7. If it is listening to a podcast, this isn’t screen time. It is RADIO/LISTENING time and helps her concentration and develops language
  8. If she is thinking of downloading a new app and asks my permission, asks if it is gonna take her data, or checks it out on Common Sense Media before asking me then this is called DIGITAL & MEDIA LITERACY
  9. As long as she does some analog activities throughout the day like some chores, some physical activity, some talking to me, some creative or lego type or kinetic sand play, and some reading… and as long as the screen time gets interrupted every now and then… I am not counting screen time. I am making sure she has some fulfilling daily experiences, wherever she can get them

Would love to hear what others do and think…. except if you believe in a strict arbitrary limit to screen time that you are able to manage, because then we can’t talk!

P.S. I had a post in draft about why we won’t win the screentime battle, but I didn’t finish it. I think this framing is more constructive!

12 thoughts on “Flipping the Screen Time Conversation into a Meaningful Activity Exploration

  1. …times incl after sharing research they’ve said doesn’t apply to them. Have also discussed this w. many parents & always stress tching self-regulation (which IMHO is what you’re doing)–an imp skill – and along the lines of what @anya1anya suggests (mentoring not monitoring)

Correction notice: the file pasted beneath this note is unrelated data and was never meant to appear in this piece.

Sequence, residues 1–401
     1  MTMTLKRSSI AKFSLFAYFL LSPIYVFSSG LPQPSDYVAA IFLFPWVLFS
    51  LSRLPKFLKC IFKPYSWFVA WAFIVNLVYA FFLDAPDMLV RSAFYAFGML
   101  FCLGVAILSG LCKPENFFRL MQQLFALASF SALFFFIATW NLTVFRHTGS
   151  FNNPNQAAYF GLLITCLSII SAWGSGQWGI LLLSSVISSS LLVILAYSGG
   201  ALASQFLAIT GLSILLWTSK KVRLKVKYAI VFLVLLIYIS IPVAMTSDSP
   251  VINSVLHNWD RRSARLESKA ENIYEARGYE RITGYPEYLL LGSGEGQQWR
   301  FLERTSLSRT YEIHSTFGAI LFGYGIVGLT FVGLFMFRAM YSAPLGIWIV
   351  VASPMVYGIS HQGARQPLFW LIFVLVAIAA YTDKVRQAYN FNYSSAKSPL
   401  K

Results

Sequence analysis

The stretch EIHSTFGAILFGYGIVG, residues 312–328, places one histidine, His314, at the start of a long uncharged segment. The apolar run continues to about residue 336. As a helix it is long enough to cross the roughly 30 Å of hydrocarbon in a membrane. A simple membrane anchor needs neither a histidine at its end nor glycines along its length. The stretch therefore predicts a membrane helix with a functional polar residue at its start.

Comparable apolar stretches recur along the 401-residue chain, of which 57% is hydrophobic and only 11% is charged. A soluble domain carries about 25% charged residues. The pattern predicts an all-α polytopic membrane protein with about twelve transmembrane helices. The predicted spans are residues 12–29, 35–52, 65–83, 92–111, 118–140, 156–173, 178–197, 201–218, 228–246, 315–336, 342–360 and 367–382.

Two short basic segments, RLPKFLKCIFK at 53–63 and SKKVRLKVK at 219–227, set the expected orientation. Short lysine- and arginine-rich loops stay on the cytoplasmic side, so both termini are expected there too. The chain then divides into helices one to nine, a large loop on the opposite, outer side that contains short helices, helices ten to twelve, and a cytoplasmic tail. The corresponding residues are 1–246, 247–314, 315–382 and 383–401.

2. This is excellent, thanks! We’ve been changing so many screen rules during this to figure it out and have been trying to find a philosophy of it but couldn’t get to it. This expresses a lot of what we’ve been trying to figure out.

  3. Agree w/ flipping the conversation. W/ mine, I’ve stressed/tried to cultivate self-regulation & determining for themselves what is reasonable (1 is a gamer & the other not) WRT screen time & what they do (lots of games are violent). We’ve had lots of discussions & disagreed many

  4. I think this is great. How much time do you think should be in each bucket for a 10 and 13 year old boy, particularly for online games like Fortnite. They do too much Fortnite and not enough learning/creative in my opinion and I could use help in structuring the time buckets… Then I am wondering for their little eyes/brain how much time they should be on electronics in general (vs lego building, drawing, read an actual book, games, etc). Thank you so much.

    1. Well my whole point is not to count by time! I know some games become addictive so what I tell my child if she can prove she can go without a game for a whole day or more, and leave it when something else is happening, it’s ok to occasionally stay on it for 2 hours esp if playing w friends. But it’s important to fake breaks and move and do other stuff that day, and maybe do less TV on days she does this other thing? Or to try to steer them into more educational or social digital options so it’s still screens but more useful…